The often overlooked contributions of Black pioneers to music has long been a source of criticism in the industry.
In particular, rock music has faced its share of detractors over the whitewashing of its ethnic roots. For example, Elvis Presley’s iteration of Willie Mae "Big Mama" Thornton’s song “Hound Dog.” Black pioneers like her have gone years without acknowledgement.
Now, Chicago-based music education company School of Rock is taking steps to change that. In a press release on Wednesday (October 7), it announced it is expanding its curriculum to highlight the contributions by Black artists to the genesis Rock and Roll such as Etta James, Ray Charles, Prince, and Sister Rosetta Tharpe.
"Just as importantly, popular music opens a door to history, we have an obligation to honor those Black artists without whom there would be no Rock and Roll, and by extension no School of Rock," said Rob Price, CEO of School of Rock.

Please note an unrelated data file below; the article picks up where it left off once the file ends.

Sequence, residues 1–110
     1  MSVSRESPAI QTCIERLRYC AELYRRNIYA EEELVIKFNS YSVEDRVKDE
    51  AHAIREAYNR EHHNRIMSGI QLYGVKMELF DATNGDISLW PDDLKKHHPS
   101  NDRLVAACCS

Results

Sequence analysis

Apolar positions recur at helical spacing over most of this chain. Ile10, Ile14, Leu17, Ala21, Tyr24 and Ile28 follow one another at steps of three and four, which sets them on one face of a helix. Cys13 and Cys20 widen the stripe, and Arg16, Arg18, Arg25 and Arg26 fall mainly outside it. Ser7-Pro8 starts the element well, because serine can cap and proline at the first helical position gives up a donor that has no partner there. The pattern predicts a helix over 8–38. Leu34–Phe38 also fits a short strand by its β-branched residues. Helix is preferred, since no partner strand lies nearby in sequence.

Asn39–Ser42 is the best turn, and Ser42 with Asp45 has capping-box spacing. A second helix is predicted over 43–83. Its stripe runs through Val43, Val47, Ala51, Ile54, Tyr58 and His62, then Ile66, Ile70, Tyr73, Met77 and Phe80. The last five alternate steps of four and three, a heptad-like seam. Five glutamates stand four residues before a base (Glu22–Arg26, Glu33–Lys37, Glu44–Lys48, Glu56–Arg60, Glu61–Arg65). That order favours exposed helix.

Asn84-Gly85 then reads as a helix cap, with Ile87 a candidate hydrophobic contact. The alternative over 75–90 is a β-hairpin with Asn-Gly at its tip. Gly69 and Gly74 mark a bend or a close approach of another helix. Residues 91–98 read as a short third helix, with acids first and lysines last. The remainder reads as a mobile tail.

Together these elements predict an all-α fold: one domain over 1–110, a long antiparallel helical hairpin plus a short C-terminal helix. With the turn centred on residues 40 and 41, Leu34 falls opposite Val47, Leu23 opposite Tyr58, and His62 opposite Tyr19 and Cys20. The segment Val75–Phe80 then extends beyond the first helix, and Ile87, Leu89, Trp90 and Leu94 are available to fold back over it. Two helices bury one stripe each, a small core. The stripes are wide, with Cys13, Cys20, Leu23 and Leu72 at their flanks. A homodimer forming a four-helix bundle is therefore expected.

This announcement comes amid racial reckoning that has taken place over these past few months. In the wake of the police killing of George Floyd, numerous record labels ceased use of the “urban” to describe music traditionally considered Black. The Recording Academy, the parent organization behind the annual Grammy Awards ceremony, followed suit and renamed several of its award categories.
(Photo by James Kriegsmann/Michael Ochs Archives/Getty Images)
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